Thermometer Encoding: One Hot Way To Resist Adversarial Examples

international conference on learning representations, 2018.

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Our findings convincingly demonstrate that the use of thermometer encodings, in combination with adversarial training, can reduce the vulnerability of neural network models to adversarial attacks

Abstract:

It is well known that it is possible to construct examples for neural networks: inputs which are misclassified by the network yet indistinguishable from true data. We propose a simple modification to standard neural network architectures, thermometer encoding, which significantly increases the robustness of the network to adversarial exa...More

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Introduction
  • AND RELATED WORK

    Adversarial examples are inputs to machine learning models that are intentionally designed to cause the model to produce an incorrect output.
  • Madry et al (2017) showed that adversarial training using adversarial examples created by adding random noise before running BIM results in a model that is highly robust against all known attacks on the MNIST dataset.
  • It is less effective on more complex datasets, such as CIFAR.
  • The authors demonstrate that thermometer code discretization and one-hot code discretization of real-valued inputs to a model significantly improves its robustness to adversarial attack, advancing the state of the art in this field
Highlights
  • AND RELATED WORK

    Adversarial examples are inputs to machine learning models that are intentionally designed to cause the model to produce an incorrect output
  • Adversarial examples that fool one model often fool another model, even if the two models are trained on different training examples or have different architectures (Szegedy et al, 2014), so an attacker can fool a model without access to it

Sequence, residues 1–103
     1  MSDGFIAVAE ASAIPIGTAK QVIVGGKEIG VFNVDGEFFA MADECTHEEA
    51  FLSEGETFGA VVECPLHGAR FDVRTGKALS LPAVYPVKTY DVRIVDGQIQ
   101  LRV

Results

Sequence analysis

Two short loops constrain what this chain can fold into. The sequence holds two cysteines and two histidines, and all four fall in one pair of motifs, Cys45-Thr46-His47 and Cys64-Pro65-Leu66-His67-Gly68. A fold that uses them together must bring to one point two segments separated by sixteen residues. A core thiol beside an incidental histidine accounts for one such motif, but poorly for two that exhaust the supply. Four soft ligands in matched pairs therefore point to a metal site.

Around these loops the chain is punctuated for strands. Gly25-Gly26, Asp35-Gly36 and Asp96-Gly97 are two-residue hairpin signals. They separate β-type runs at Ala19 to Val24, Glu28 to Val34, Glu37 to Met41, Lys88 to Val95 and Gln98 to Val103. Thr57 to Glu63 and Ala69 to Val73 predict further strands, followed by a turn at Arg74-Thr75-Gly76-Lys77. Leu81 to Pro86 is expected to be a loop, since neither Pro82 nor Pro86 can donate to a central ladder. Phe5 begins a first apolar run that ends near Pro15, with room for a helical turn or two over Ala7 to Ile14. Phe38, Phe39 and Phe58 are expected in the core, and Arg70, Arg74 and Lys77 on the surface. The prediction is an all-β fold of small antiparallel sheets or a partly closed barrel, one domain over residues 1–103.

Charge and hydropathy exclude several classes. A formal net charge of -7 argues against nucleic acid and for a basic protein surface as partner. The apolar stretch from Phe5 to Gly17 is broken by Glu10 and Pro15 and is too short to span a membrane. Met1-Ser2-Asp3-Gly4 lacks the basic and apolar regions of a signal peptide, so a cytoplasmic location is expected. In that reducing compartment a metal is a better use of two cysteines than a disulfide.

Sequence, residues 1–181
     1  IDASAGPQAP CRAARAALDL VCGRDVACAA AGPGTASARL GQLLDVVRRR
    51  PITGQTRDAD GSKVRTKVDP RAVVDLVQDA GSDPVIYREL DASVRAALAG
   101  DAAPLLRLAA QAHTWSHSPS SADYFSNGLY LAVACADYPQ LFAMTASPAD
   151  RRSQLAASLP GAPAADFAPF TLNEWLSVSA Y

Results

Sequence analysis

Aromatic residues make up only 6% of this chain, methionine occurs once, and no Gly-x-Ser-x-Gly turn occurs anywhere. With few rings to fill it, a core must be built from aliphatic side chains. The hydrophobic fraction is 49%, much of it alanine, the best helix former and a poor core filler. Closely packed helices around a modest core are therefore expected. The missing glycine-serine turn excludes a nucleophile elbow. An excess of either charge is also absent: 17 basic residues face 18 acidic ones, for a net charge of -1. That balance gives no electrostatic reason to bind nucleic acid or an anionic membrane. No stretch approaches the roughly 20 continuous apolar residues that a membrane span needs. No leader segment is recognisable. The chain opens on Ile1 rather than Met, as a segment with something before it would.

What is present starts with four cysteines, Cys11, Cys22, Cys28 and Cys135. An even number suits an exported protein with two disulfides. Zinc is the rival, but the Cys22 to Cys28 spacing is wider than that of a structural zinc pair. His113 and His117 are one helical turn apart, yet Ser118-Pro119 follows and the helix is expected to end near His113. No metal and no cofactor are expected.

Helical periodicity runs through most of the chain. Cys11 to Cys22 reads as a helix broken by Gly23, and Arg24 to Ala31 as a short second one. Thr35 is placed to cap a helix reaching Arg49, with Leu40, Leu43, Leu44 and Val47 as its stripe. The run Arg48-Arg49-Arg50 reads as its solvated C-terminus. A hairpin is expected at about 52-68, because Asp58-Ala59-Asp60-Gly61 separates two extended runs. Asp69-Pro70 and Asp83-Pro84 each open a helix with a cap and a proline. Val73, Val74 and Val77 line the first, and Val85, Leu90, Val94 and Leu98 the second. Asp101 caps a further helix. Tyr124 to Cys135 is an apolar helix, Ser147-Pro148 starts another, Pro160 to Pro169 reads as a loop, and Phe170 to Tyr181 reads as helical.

• Madry et al (2017) showed that adversarial training using adversarial examples created by adding random noise before running basic iterative method results in a model that is highly robust against all known attacks on the MNIST dataset
  • We found that in all cases, Logit-Space Projected Gradient Ascent was strictly more powerful than Discrete Gradient Ascent, so all attacks on discretized models use Logit-Space Projected Gradient Ascent with ξ = 0.01, δ = 1.2, and 1 random restart
  • Our findings convincingly demonstrate that the use of thermometer encodings, in combination with adversarial training, can reduce the vulnerability of neural network models to adversarial attacks
  • Our analysis reveals that the resulting networks are significantly less linear with respect to their inputs, supporting the hypothesis of Goodfellow et al (2014) that many adversarial examples are caused by over-generalization in networks that are too linear
Methods
  • The authors compare models trained with input discretization to state-of-the-art adversarial defenses on a variety of datasets.
  • For the MNIST experiments, the authors use a convolutional network; for CIFAR-10, CIFAR-100, and SVHN the authors use a Wide ResNet (Zagoruyko & Komodakis, 2016).